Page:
In any case, the good news is that obesity levels do appear to be leveling off in some places, and among some populations. As The New York Times reported, in 2012, they are "the first indication that the obesity epidemic, one of the nation's most intractable health problems, may actually be reversing course."

This could be the result of any number of factors. It could be the result of one singe factor. No one knows.

Researchers, the Times reported, "say they are not sure what is behind the declines." But "many scientists doubt that anti-obesity programs actually work."

And until research proves a definitive causal link between specific changes and specific outcomes, groups like RWJF (and others) would best serve the public by halting claims that the group knows how to reduce obesity levels or, worse, that RWJF's disproven policy prescriptions are behind any positive trends.

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  1. There’s nobody as hyper-aware of the calorie content of foods as the obese.

    Which reminds me:


    1. I (unsuccessfully) fought my weight the first 22 years of my adult life. I can quote product nutrition labels like most men can quote baseball player statistics.

      1. did you ever try, you know, working out, instead of being a pussy?

  2. An example of what the nutrition bureaucracy works hard to ignore because it doesn’t fit their obesity paradigm:

    PLoS One 2011;6(8):e23384
    Food composition of the diet in relation to changes in waist circumference adjusted for body mass index.

    The objective of the study was to ascertain the association of various foods with changes in waist circumference. The study included 48,631 men and women from five countries who were followed for 5.5 years.

    Regarding butter and margarine, the study found for each 100 calorie increase in butter consumption there was a .01 centimeter per year decrease in waist circumference. For each 100 calorie increase in margarine consumption there was a .03 centimeter per year increase in waist circumference.

    1. They’ll tell you saccharine causes cancer, too.

      1. Artificial sweeteners are positively associated with tumor development. The problem here being third-party causation. Quitting high school is positively associated with unmarried teen pregnancy, but no one thinks public school classrooms are birth control.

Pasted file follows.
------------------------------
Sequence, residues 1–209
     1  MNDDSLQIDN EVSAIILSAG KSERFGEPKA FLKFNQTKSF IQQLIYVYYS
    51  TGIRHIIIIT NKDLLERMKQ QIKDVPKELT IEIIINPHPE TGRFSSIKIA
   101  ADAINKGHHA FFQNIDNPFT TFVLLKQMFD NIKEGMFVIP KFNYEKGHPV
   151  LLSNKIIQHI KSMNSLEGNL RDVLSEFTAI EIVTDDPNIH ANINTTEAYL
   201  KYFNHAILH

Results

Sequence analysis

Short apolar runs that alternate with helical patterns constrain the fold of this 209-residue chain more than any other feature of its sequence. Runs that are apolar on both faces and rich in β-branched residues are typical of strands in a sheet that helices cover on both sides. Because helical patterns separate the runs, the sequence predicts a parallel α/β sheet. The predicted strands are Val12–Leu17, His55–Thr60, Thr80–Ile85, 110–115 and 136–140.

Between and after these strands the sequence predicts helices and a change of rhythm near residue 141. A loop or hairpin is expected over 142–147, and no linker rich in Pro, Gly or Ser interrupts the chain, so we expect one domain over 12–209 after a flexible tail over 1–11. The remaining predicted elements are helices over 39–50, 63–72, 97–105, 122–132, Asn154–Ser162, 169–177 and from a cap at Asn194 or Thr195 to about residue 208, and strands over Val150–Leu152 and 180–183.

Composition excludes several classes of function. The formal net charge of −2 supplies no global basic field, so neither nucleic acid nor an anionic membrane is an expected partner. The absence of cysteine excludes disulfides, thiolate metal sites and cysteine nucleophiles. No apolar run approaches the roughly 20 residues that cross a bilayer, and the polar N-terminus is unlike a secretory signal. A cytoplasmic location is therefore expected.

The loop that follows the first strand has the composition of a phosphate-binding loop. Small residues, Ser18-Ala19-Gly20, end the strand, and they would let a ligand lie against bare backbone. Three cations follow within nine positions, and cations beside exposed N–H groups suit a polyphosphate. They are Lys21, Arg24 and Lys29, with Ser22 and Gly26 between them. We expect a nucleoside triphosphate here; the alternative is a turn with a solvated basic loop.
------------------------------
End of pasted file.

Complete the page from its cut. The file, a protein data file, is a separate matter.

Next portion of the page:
Obesity is positively associated with cancer. Artificial sweetener is used heavily by people who don’t want to be obese. It looks likely that obesity is the most easily observable symptom of the same thing that causes the cancer.

    2. LFOD, I’m sure you know the government hasn’t the slightest clue what a healthy diet looks like. They’re stuck in the 1970s blaming animal fat for everything, when there was never one, single, solitary piece of credible scientific evidence even suggesting that it was harmful.

      Telling us to eat more grains (to sell more grains, which is the USDA’s stated mission); to replace natural animal fats with highly concentrated, chemically processed vegetable oils (to sell more soybeans, corn, et al, which are heavily subsidized); and to eat more fiber in fortified grain products (see grains above), when adequate fiber is abundant in reasonable servings of fruits and vegetables, are the stupidest recommendations anyone could make, given the available science.

      Agencies were also happy to look the other way on sugar (another subsidy) for decades, despite the overwhelming evidence that sugar is largely responsible for our current epidemic of chronic diseases.

      It’s almost as if the government’s mission was to instruct us on the exact opposite of a healthy diet.

  3. Lets roll with those punches dude.

  4. Regarding the photo: should obese people wear purple? It just opens the door to a lot of Barney jokes.

    1. I pity the fool who doesn’t show the proper respect to The Grimace.

      1. As horrible high school kids there was a tall fat chick who had a propensity to wear purple that we referred to as “Grimace.”

  5. 3500 Calories in this milkshake? Challenge accepted.

    1. What is that, the one meal a day version of Soylent?